Crappies are the angler's little secret

February 20, 2005|by Bill Anderson

The two fishing opportunities that anglers most often concentrate on in the late winter and early spring are trout fishing and crappie fishing. Of the two, the early season trout fishing opportunities are easily the best known.

Advanced crappie fishing may be one of the least known of the local fishing opportunities locally. The anglers that I have met tend to be pretty quiet about the fish they are catching and are particularly closed-mouthed about the places they are catching their fish. Great crappie holes are well guarded secrets.

Crappies are not large fish, but they are serious predators and are taken mostly on small minnows or small jigs that imitate minnows. For many years, small marabou jigs were the lure most crappies fishermen used, but now plastics are the most popular. Crappies have small mouths, and the jigs 1/16-ounce range are a good starting point.

Many anglers use live minnows exclusively and bait shops often offer the very small shiners for just this purpose. They are often referred to as crappie minnows.


Crappie fishing is more about finding the fish. In crappie fishing locations, this is particularly important. In any lake or river, crappies will move from spot to spot depending on the season. When you learn the seasonal movements for a particular body of water you can have success in all seasons.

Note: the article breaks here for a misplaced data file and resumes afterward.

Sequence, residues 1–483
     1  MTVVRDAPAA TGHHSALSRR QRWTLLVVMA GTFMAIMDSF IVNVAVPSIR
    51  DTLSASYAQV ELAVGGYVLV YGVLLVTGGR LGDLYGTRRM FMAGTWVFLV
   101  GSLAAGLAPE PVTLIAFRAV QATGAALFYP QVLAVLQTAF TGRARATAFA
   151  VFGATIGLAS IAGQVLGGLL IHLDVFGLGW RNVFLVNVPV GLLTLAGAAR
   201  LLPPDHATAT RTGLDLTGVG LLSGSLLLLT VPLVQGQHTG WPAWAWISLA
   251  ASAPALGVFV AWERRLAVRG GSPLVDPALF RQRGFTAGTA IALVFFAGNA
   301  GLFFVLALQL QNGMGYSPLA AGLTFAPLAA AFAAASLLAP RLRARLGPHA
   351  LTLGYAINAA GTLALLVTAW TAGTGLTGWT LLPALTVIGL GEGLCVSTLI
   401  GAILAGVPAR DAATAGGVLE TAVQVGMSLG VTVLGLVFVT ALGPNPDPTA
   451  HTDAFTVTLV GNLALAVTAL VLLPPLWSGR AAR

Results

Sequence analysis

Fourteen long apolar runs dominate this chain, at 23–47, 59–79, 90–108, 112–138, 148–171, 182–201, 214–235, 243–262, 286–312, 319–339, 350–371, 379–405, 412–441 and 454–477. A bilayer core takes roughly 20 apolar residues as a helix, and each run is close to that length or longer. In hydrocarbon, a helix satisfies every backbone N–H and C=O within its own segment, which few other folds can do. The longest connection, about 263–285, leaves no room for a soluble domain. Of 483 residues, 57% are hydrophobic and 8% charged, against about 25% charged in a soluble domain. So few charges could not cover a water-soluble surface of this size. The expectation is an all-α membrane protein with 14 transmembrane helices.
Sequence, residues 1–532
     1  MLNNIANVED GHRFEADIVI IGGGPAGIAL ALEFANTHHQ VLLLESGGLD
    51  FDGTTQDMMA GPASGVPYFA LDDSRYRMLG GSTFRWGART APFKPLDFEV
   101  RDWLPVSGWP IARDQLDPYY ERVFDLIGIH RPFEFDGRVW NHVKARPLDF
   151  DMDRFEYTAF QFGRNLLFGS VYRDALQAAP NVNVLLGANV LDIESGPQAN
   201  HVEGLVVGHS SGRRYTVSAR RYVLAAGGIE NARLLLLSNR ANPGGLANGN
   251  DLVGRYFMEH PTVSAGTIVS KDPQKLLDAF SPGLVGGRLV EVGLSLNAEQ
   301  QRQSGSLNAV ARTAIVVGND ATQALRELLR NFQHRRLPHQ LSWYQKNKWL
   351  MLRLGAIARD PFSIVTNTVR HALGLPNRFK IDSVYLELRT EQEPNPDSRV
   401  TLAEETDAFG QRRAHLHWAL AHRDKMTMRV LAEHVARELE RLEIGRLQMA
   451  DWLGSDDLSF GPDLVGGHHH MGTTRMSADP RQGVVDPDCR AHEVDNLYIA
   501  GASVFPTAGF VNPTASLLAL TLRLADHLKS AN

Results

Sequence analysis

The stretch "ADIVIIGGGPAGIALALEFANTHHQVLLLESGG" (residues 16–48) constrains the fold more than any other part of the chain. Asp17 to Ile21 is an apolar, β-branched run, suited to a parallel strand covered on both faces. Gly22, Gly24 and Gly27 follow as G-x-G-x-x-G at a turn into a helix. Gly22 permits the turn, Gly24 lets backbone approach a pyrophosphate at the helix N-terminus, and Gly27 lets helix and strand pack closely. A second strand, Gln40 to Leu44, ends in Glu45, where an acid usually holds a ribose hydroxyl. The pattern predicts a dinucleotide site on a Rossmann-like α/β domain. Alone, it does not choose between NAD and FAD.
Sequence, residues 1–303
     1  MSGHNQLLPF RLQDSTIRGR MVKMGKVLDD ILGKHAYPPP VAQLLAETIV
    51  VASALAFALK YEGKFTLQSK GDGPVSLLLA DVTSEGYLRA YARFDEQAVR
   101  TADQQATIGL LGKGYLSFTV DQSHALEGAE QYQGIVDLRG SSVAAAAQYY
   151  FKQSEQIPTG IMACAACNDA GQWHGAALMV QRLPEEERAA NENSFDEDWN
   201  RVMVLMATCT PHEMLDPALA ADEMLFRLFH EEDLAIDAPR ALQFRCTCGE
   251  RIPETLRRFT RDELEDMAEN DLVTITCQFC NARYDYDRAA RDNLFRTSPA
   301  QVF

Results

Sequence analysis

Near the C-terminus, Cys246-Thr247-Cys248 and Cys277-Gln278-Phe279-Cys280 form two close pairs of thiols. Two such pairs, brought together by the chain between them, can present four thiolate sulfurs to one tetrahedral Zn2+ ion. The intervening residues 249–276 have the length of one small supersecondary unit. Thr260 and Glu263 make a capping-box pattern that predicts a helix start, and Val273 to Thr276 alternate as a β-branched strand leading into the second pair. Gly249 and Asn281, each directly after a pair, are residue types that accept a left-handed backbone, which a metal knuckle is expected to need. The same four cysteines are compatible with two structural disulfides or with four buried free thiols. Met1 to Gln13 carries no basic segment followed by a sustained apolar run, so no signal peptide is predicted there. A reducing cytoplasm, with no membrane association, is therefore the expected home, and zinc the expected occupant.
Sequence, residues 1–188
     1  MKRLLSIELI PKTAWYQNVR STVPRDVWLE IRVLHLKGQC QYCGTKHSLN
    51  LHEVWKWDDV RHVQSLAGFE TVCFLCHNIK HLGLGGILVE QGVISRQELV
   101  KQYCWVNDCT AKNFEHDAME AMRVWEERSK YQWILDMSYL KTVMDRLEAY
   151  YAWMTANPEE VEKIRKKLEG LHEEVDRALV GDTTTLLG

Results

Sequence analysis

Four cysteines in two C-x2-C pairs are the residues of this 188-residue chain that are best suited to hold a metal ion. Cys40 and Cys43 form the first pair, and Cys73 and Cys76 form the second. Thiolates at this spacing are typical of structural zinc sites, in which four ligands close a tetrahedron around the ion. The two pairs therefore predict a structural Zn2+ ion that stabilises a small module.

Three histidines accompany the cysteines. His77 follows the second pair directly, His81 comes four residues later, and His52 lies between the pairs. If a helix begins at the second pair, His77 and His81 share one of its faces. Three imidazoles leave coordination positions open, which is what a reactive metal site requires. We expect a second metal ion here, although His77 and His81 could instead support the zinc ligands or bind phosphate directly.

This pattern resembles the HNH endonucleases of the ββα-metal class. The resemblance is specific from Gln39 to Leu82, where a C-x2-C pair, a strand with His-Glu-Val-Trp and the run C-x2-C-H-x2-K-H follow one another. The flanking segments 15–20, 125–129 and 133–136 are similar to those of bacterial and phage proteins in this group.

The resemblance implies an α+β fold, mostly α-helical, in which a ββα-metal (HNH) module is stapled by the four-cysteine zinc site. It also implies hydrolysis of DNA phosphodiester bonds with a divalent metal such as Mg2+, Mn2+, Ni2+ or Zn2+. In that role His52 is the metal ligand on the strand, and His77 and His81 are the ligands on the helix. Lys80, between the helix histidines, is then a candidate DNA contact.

After the crappies are located, they are not hard to catch and there are a number of presentations that work well. One of very best is the slip bobber presentation, which works equally well for bait or jigs. The slip bobber rig utilizes a bobber stop that allows you to adjust the depth of your lure by sliding the bobber stop to the desired depth.

One of the reasons the slip bobbers work really well with tiny crappie jigs is that fishing a small jig below the bobber allows the bobber to impart action to the lure. As the waves and current jiggle the bobber, the movements are imparted to the lure, making it a very appealing presentation to the crappies.

The late winter or early spring crappie fishing is usually the best shot at the biggest fish. It's easier to find the fish during the spawning season in April, but the average size is smaller. After spawning, the fish seem to scatter for a while and seem very hard to locate and catch.

As many know, crappies are considered a great table fish and are one fish species that do not need much catch-and-return protection because they reproduce fast which can result in the stunted fish.

The Herald-Mail Articles